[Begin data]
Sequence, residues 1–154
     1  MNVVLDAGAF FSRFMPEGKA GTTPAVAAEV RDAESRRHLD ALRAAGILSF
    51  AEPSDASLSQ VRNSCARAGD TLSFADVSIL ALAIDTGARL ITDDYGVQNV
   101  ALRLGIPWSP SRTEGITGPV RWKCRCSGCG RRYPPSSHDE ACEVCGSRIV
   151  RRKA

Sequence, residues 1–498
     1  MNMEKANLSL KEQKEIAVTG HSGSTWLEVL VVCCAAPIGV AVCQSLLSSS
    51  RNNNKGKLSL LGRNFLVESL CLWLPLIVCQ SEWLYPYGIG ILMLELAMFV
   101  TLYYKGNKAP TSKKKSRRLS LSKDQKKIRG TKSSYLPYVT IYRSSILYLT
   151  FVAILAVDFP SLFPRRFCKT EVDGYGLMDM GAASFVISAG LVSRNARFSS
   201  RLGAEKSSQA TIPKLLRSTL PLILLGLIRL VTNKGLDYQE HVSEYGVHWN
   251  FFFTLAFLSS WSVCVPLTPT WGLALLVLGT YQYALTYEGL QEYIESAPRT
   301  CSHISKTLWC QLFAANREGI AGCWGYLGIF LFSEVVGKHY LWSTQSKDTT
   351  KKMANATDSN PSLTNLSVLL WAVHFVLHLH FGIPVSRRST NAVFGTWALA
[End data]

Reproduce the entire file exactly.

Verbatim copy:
Sequence, residues 1–154
     1  MNVVLDAGAF FSRFMPEGKA GTTPAVAAEV RDAESRRHLD ALRAAGILSF
    51  AEPSDASLSQ VRNSCARAGD TLSFADVSIL ALAIDTGARL ITDDYGVQNV
   101  ALRLGIPWSP SRTEGITGPV RWKCRCSGCG RRYPPSSHDE ACEVCGSRIV
   151  RRKA

Sequence, residues 1–498
     1  MNMEKANLSL KEQKEIAVTG HSGSTWLEVL VVCCAAPIGV AVCQSLLSSS
    51  RNNNKGKLSL LGRNFLVESL CLWLPLIVCQ SEWLYPYGIG ILMLELAMFV
   101  TLYYKGNKAP TSKKKSRRLS LSKDQKKIRG TKSSYLPYVT IYRSSILYLT
   151  FVAILAVDFP SLFPRRFCKT EVDGYGLMDM GAASFVISAG LVSRNARFSS
   201  RLGAEKSSQA TIPKLLRSTL PLILLGLIRL VTNKGLDYQE HVSEYGVHWN
   251  FFFTLAFLSS WSVCVPLTPT WGLALLVLGT YQYALTYEGL QEYIESAPRT
   301  CSHISKTLWC QLFAANREGI AGCWGYLGIF LFSEVVGKHY LWSTQSKDTT
   351  KKMANATDSN PSLTNLSVLL WAVHFVLHLH FGIPVSRRST NAVFGTWALA